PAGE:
Nita de Oliveira, Ph.D. - Office: Scott Hall 3012
Phone: 419-530-4517 - Office Hours: MF 8:30-11:00
Course Website: http://www.oocities.com/nythamar/religions.html
REL 1220-011 WORLD RELIGIONS
[3 hours] A study of the major religions of the world, with an emphasis on non-Western religions. We shall particularly explore the response of Jewish, Christian, and Islamic traditions to the challenges posed by contemporary fundamentalism and secularism. In this course we will be exploring classical, modern, and postmodern conceptions and receptions of Judaism, Christianity, Islam, Hinduism, and Buddhism, in light of the complex phenomenon of globalization.
John L. Esposito, Darrell J. Fasching and Todd Lewis, Religion and Globalization: World Religions in Historical Perspective. Oxford University Press, 2007. Paperback. ISBN13: 9780195176957. ISBN10: 0195176952.
Grades are based on point accumulation throughout the semester. There are 2 Homeworks worth 15 points each and 1 Midterm worth 30 points. One of the Homeworks might be replaced by a Class Presentation. NO LATE ASSIGNMENTS WILL BE ACCEPTED, unless they are accompanied by evidence of a medical emergency (e.g., signed doctor's note) or death in the family (e.g., funeral program). Make-up exams will be given only to those students who inform me of their emergency by email on the day of the exam. The cumulative final exam is worth 40 points, so as to make up 100 points:
30 points = Homework
30 points = Midterm
40 points = Final Exam
100 total points
Final grades for the course are based on the following scale:
93-100 pts. = A 77-79 pts. = C+
90-92 pts. = A- 73-76 pts. = C
87-89 pts. = B+ 70-72 pts. = C-
83-86 pts. = B 60-69 pts. = D
80-82 pts. = B- 59 and below = F
Neither plagiarism (i.e., presenting
the written work of another as one's own) nor cheating (i.e., providing answers
to exam questions or receiving exam answers from another) will be tolerated.
Any academic dishonesty will be disciplined according to the guidelines in the
If you need special accommodations to attend my class, please notify me immediately. Your need for special accommodations, including special testing requests, will need to be documented by the Office of Accessibility, located at 1400 Snyder Memorial.
Make sure to prepare all the readings before the date given. The reading assignments are usually short and hopefully pleasant. Homework is turned in at the beginning of class on the day it is due. There will be audiovisual presentations (DVD, online videos) and oral presentations.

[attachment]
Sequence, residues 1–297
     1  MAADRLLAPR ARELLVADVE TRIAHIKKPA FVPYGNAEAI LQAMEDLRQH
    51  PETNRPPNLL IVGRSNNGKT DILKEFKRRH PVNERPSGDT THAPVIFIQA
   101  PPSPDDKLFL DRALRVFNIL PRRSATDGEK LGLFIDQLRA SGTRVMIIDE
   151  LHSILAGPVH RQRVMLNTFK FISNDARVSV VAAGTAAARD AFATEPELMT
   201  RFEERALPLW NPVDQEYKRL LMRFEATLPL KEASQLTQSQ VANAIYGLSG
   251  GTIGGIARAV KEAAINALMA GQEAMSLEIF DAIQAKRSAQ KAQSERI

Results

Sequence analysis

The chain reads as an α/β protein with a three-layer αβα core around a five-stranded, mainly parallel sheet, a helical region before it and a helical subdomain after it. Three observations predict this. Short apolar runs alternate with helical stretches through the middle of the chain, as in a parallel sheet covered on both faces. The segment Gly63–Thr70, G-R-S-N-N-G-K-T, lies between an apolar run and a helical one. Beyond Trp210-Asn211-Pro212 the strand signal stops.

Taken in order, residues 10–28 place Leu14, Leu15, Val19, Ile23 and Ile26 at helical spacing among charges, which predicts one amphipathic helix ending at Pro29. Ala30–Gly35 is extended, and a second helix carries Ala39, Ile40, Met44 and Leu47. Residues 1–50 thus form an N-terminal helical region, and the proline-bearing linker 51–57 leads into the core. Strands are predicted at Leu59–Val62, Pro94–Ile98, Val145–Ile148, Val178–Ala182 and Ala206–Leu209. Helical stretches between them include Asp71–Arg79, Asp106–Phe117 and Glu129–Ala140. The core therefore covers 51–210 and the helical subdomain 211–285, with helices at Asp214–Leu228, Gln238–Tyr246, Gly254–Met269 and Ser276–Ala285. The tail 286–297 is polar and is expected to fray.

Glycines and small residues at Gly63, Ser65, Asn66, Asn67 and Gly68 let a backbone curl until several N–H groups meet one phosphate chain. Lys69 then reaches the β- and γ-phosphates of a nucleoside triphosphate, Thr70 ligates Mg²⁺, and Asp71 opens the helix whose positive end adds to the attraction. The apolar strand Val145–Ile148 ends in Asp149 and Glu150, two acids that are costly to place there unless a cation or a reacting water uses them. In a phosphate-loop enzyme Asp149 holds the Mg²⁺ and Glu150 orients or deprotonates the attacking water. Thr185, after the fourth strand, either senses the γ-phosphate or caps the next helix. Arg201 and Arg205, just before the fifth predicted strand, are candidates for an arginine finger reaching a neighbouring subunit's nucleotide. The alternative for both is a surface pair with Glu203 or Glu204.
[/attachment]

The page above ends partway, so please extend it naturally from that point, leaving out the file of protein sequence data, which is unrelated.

Class participation is essential. That includes class attendance (75%) as well as active involvement in all phases of the class.
Week 1: May 12 - Introduction: WORLD RELIGIONS AND GLOBALIZATION
YouTube: Global Technology Facts
Chomsky on Globalization
May 13 - Chap. 1: Religion and Globalization
You Tube: Oneness in World Religions
Toni Blair: Faith & Globalisation
May 14 - Chap. 1: The Judeo-Christian Worldview / PostModernity
YouTube on Po-Mo: David Lynch
YouTube: REM, Losing my Religion
YouTube: Francis Schaeffer on the Judeo-Christian Worldview
Wiki on "Clash of Civilizations"
May 15 - Chap. 1: Universalism and Secularization
YouTube: Chomsky on the Clash of Civilizations
YouTube: An Alternative Arabic view of the Clash of Civilizations
Islam and Secularization
Peace Now / Shalom Achshav
YouTube: Stop the Clash of Civilizations
Week 2: May 19 - Chap. 2: Christianity and the Road to Globalization
Davos Forum - Can Globalization Be Ethical?
Global Ethics and Sustainable Capitalism
CNN Anderson Cooper: What is a Christian? (1/6)
May 20 - Chap. 2: Christianity, Modernity, Postmodernity
YouTube: Schubert's "Ave Maria" by Bono (U2) and Pavarotti
Amazing Grace Movie
May 21 - Review / Class Discussion
YouTube: Evangelicals and Postmodernism
YouTube: A Conservative Look at Black Liberation Theology
YouTube: Cornel West on Being a Leftist
May 22 - Homework/Quiz # 1 (15 points)
For the Homework # 1, due on May 22, you are asked to either write a 1-2 page essay trying to address 1 question from each reading assignment (one of the Discussion Questions listed on pages 34 and 106 of the Textbook), or you may take the in-class multiple-choice exam (True-or-False quiz), based on the Key Terms from Chapters 1 and 2. For the essay, you can use the texts you read and the material available on the internet, but make sure you cite your sources properly.
Week 3: May 26 - No Class (Memorial Day)
May 27 - Chap. 3: The Many Faces of Judaism/Traditional Judaism
YouTube: What is a Jew ?
YouTube: Jerusalem of Gold
YouTube: History of Judaism
YouTube: Imperial History of The Middle East
YouTube: Rabbis and Zionism
May 28 - Chap. 3: Modern and Postmodern Judaism
PoMo: Derrida on Love
PoMo: Derrida on Ghosts
PoMo: Derrida on Deconstruction
May 29 - Review/Homework/Quiz # 2 (15 points)
Week 4: June 2 - Chap. 4: Islam
Wiki entry on Islam
You Tube: Islam the fastest-growing world religion
You Tube: Islam as major world religion
You Tube: Islam today
You Tube: Islam and Christianity
June 3 - Chap. 4: Islam and Modernity
You Tube: Islam and Modernity
You Tube: Islam and the Modern Enlightenment
BBC Islamic History of Europe
June 4 - Review / Class Discussion
You Tube: Islam, Post-Modernity and the Coming of Eurabia
Lecture on Islamic Law by Prof. Mashhad Al-Allaf
June 5 - Homework/Quiz # 3 (15 points)
Week 5: June 9 - Chap. 6: Ways to Nirvana
Wiki on Buddhism
M.D. Eckel, DVD Lectures, 1: "Buddhism as a World Religion"
R. Gere Discovering Buddhism
You Tube: Buddha Amitabha